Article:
Youth Work, Social Justice and Political Activism – The Missing Relationship?

On Saturday I was returning from a stimulating Open Youth Work conference in freezing Lithuania. Underpinning the debate there about the relationship between youth work theory and practice, between academics and workers, was the assumption that youth work cares deeply about social justice. During a wait at Frankfurt a conversation with a fellow-travelling youth worker, Luke, confirmed my sense that an essential dimension was missing from the conference agenda, namely that to talk of social justice is to talk of struggle, is to talk of collective action. In this sense both the theory and practice of youth work needs to be rooted in the living struggles against injustice, against oppression and exploitation.

On Saturday, as I returned, over two million women [and men] marched against a revitalised Right populist and authoritarian politics, symbolised by Trumpism. The politics of this protest is inevitably diverse, even confused. How could it be otherwise – the radical visions of the past largely trodden underfoot over the past four decades. Yet at the heart of the upsurge is the fluttering beat of resistance, of struggle –  see below the transcript of the speech delivered by Angela Davis. All of which leaves me wondering, how many youth workers, how many young people, indeed how many youth workers, together with young people, were to be found in the throng of humanity out on the streets of the globe this past weekend – Building Bridges not Walls?


Ta to Irish



Snuff Mill bridge, Glasgow



Long-standing political activist and academic,  Angela Davis spoke at the Women’s March on Washington. The author of the classic 1983 text,  ‘Women, Race, and Class’, she made an impassioned call for resistance, urging the audience to become more militant in their demands for social justice over the next four years of Trump’s presidency.


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“At a challenging moment in our history, let us remind ourselves that we the hundreds of thousands, the millions of women, transpeople, men and youth who are here at the Women’s March, we represent the powerful forces of change that are determined to prevent the dying cultures of racism, heteropatriarchy from rising again.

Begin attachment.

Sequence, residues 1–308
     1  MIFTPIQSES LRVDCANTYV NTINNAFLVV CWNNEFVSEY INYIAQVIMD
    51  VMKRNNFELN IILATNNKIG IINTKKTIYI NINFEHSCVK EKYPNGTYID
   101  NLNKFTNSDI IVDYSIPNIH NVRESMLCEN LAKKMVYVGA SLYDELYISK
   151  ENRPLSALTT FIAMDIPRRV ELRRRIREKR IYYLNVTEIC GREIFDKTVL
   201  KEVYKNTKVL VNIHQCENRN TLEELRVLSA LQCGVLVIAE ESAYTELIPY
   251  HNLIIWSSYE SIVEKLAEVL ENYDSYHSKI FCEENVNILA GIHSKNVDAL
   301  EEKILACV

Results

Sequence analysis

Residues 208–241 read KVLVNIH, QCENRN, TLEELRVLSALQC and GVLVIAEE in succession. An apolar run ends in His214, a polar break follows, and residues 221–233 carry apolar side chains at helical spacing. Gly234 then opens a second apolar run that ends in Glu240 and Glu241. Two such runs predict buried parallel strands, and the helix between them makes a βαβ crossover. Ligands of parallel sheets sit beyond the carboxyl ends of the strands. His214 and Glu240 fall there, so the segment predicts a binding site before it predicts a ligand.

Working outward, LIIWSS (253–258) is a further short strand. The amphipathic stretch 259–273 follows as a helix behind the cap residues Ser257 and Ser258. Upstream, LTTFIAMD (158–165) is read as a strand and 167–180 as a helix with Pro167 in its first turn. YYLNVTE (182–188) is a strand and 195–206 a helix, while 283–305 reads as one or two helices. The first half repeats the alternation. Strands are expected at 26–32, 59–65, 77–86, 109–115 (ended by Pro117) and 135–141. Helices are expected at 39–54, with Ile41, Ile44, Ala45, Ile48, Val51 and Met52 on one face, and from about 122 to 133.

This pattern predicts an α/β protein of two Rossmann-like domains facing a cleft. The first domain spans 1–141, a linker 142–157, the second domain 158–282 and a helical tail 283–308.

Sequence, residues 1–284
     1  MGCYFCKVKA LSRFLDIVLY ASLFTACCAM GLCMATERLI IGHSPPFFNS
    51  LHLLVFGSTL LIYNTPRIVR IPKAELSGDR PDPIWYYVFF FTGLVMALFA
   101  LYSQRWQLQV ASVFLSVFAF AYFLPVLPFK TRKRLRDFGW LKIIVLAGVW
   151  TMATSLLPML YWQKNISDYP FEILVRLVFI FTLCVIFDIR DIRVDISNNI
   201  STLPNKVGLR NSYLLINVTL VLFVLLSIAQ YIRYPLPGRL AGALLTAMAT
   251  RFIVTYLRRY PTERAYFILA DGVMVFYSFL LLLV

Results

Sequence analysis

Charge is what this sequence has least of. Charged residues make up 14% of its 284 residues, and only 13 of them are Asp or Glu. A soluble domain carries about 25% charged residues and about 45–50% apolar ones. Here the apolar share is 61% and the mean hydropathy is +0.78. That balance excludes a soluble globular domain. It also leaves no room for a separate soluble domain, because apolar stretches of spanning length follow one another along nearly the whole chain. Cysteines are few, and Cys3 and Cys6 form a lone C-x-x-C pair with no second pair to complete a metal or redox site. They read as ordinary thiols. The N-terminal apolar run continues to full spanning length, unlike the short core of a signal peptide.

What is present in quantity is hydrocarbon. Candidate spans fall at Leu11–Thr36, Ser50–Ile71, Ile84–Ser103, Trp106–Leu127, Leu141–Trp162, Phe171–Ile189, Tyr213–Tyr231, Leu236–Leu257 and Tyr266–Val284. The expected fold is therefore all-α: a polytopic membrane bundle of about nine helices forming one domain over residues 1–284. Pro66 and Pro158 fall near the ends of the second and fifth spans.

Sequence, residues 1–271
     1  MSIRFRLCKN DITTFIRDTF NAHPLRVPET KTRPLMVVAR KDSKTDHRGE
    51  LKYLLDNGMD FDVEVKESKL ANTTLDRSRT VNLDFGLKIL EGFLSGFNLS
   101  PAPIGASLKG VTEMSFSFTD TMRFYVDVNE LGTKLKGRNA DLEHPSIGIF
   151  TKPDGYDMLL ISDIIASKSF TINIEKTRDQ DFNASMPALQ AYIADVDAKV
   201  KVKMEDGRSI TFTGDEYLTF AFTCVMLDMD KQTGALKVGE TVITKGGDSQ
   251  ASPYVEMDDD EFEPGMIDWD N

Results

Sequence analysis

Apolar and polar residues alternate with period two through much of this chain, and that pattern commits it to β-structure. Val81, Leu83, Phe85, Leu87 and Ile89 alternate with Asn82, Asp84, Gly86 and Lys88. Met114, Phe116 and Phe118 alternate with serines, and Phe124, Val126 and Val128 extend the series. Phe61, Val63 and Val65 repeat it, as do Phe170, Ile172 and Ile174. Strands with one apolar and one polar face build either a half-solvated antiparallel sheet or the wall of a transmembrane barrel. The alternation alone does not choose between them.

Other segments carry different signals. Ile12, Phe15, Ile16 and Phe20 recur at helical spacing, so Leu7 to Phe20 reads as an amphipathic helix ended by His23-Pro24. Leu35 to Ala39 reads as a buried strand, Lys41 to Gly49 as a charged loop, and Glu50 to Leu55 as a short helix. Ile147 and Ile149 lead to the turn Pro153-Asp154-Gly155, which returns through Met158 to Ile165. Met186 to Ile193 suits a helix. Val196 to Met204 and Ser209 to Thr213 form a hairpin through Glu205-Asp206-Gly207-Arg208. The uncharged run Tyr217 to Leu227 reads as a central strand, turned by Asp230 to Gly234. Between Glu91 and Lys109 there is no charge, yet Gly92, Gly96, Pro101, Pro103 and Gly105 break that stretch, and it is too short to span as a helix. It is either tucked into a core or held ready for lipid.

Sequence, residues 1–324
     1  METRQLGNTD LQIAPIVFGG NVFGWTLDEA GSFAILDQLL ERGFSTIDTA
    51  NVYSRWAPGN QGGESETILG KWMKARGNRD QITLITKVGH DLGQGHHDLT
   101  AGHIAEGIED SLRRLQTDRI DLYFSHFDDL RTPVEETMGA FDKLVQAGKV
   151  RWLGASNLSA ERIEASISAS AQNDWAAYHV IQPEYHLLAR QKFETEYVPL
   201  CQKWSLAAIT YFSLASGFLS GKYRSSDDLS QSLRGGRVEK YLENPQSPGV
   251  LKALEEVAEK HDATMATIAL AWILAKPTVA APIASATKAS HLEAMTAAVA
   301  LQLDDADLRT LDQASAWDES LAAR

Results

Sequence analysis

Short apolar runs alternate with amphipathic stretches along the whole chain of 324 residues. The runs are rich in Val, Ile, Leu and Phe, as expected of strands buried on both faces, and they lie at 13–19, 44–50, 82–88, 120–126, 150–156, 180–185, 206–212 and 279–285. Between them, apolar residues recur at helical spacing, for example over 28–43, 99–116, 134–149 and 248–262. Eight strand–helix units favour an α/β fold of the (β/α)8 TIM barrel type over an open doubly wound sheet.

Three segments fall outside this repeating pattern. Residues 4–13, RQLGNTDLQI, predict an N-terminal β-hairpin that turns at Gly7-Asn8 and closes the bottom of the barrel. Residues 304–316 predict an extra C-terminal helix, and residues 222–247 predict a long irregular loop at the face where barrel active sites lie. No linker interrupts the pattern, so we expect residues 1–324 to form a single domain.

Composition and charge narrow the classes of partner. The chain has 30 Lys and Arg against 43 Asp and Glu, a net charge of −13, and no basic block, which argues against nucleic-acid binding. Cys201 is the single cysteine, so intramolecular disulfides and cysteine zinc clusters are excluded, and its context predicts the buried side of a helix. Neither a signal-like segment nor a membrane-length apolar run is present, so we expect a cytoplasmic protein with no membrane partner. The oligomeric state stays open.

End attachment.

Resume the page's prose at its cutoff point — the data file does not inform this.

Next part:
We recognize that we are collective agents of history and that history cannot be deleted like web pages. We know that we gather this afternoon on indigenous land and we follow the lead of the first peoples who despite massive genocidal violence have never relinquished the struggle for land, water, culture, their people. We especially salute today the Standing Rock Sioux.

The freedom struggles of black people that have shaped the very nature of this country’s history cannot be deleted with the sweep of a hand. We cannot be made to forget that black lives do matter. This is a country anchored in slavery and colonialism, which means for better or for worse the very history of the United States is a history of immigration and enslavement. Spreading xenophobia, hurling accusations of murder and rape and building walls will not erase history.

No human being is illegal.

The struggle to save the planet, to stop climate change, to guarantee the accessibility of water from the lands of the Standing Rock Sioux, to Flint, Michigan, to the West Bank and Gaza. The struggle to save our flora and fauna, to save the air—this is ground zero of the struggle for social justice.

This is a women’s march and this women’s march represents the promise of feminism as against the pernicious powers of state violence. And inclusive and intersectional feminism that calls upon all of us to join the resistance to racism, to Islamophobia, to anti-Semitism, to misogyny, to capitalist exploitation.

Yes, we salute the fight for 15. We dedicate ourselves to collective resistance. Resistance to the billionaire mortgage profiteers and gentrifiers. Resistance to the health care privateers. Resistance to the attacks on Muslims and on immigrants. Resistance to attacks on disabled people. Resistance to state violence perpetrated by the police and through the prison industrial complex. Resistance to institutional and intimate gender violence, especially against trans women of color.

Women’s rights are human rights all over the planet and that is why we say freedom and justice for Palestine. We celebrate the impending release of Chelsea Manning. And Oscar López Rivera. But we also say free Leonard Peltier. Free Mumia Abu-Jamal. Free Assata Shakur.

Over the next months and years, we will be called upon to intensify our demands for social justice to become more militant in our defense of vulnerable populations. Those who still defend the supremacy of white male hetero-patriarchy had better watch out.

The next 1,459 days of the Trump administration will be 1,459 days of resistance: Resistance on the ground, resistance in the classrooms, resistance on the job, resistance in our art and in our music.

This is just the beginning and in the words of the inimitable Ella Baker, ‘We who believe in freedom cannot rest until it comes.’ Thank you.”



Hebden Bridge, Yorkshire


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